March 2016 – A permit application for resumption of normal mine operations and restated use of the TSF was filed. A public review was part of the application process.
June 2016 - MPMC received regulatory approvals authorizing the mine to return to normal operations, including use of the repaired TSF. The current authorized mine plan includes mining of the Phase 4 Cariboo-Springer pit over a period of approximately five years. Rehabilitation work at the TSF and areas affected by the Mount Polley Breach continues through all phases of operations.
October 2016 - MPMC submitted its formal long-term water management plan permit amendment application and supporting Technical Assessment Report. The documents were subject to extensive public consultation, including First Nations and local communities. The application also underwent a full technical review from the Cariboo Mine Development Review Committee (CMDRC) which includes representatives from provincial and federal agencies, First Nations, local governments (City of Williams Lake and Cariboo Regional District), and the community of Likely.
April 2017 - MPMC received approval of its long-term water management plan for the Mount Polley mine site from an independent statutory-decision maker from the Ministry of Environment. We expect the long-term water management plan to be fully in place by fall 2017 and will replace the short-term water management plan that has been in place since November 30, 2015.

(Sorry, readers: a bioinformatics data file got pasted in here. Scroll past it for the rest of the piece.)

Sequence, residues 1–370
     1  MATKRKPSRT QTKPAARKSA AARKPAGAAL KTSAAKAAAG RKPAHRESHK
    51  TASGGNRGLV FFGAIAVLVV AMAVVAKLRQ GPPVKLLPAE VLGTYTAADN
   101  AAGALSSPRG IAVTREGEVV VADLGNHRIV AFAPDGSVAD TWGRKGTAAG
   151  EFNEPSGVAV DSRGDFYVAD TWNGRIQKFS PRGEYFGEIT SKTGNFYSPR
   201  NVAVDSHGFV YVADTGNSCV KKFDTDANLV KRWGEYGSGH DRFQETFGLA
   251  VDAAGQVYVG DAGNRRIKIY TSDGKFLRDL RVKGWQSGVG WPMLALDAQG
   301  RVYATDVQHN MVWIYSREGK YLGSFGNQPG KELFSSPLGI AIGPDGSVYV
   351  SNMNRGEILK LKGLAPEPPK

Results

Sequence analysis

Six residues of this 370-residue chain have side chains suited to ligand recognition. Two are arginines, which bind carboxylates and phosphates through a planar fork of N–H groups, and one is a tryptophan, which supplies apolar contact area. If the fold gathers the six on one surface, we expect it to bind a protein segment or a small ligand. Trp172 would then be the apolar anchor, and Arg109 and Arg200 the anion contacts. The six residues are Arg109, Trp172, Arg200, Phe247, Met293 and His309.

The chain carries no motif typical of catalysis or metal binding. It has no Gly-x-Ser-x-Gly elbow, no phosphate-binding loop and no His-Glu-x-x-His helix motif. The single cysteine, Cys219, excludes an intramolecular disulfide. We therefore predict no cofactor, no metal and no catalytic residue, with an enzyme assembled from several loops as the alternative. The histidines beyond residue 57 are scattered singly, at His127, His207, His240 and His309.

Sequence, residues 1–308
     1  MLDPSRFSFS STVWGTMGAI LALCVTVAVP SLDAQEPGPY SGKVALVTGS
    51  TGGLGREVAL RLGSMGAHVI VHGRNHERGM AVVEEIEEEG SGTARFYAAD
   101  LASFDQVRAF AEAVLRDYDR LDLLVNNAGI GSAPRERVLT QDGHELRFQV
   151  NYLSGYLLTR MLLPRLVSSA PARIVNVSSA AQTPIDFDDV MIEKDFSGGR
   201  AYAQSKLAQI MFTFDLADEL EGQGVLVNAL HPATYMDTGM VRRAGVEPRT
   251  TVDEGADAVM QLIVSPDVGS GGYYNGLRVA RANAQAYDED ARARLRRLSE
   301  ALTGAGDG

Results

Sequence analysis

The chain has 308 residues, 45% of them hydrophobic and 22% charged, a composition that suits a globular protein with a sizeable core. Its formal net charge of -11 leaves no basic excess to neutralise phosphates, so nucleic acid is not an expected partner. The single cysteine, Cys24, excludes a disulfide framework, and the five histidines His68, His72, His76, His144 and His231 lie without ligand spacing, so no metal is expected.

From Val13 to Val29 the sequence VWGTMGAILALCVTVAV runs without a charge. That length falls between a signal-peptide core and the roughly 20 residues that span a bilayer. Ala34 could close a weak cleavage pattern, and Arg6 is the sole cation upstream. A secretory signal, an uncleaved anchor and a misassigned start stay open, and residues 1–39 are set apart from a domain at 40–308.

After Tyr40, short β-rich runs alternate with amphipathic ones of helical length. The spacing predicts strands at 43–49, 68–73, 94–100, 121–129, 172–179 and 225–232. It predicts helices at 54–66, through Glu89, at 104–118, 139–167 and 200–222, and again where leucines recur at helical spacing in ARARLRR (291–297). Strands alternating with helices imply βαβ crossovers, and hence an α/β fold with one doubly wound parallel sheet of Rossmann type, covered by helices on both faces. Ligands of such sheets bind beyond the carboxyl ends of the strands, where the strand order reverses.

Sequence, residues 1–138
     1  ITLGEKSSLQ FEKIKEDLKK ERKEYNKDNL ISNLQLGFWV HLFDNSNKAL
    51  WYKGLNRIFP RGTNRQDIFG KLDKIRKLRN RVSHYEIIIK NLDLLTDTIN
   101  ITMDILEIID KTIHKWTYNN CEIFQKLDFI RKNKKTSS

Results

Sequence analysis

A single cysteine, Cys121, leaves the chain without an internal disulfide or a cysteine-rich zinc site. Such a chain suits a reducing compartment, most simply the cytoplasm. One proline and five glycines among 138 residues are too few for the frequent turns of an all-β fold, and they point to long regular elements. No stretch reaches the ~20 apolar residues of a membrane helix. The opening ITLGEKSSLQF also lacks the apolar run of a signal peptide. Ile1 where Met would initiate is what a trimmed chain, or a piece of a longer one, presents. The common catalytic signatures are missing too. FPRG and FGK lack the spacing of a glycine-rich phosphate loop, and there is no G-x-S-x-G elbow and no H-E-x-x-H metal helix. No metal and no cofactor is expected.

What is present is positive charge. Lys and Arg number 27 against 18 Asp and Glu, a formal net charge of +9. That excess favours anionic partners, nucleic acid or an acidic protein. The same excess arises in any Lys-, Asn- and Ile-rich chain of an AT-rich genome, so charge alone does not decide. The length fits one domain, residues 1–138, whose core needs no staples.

Current Environmental Monitoring
Environmental monitoring programs, which include monitoring of groundwater, surface water (streams, lakes, and mine contact water collection sites), weather, and hydrological conditions, continue as required under authorizations from the MoE and the MEM. Annual Environmental and Reclamation Reports, submitted to the MoE and MEM, outline all current and planned mining and reclamation activities, as well as environmental monitoring activities and results.
MPMC is actively engaged in research projects with academic partners to refine site reclamation and closure methods, as well as to contribute to improving industry best practices. At the time of the Mount Polley Breach, MPMC was in the first year of a partnership with Thompson Rivers University (TRU) to develop a wetland passive treatment research project at the ABR outflow. After the Mount Polley Breach, MPMC and TRU leveraged existing grants from the Natural Sciences and Engineering Research Council of Canada (NSERC) and non-profit, national research organization, Mitacs, to obtain additional funding from Genome BC and Genome Canada in order to adapt the research project and use metagenomics to study passive remediation of disturbed areas and tailings material downstream of the Mount Polley Breach. The initial phase of this project will be completed in 2017, although longer-term research potential exists using the baseline data that were collected and the bio-augmentation plots that were installed. In 2016, a new partnership was initiated with UBC, with support from NSERC, to support Mount Polley Breach rehabilitation works. Specifically, research is being conducted into methods for rehabilitating soil biological communities in order to improve nutrient cycling and build soil, with the objective of improving revegetation success.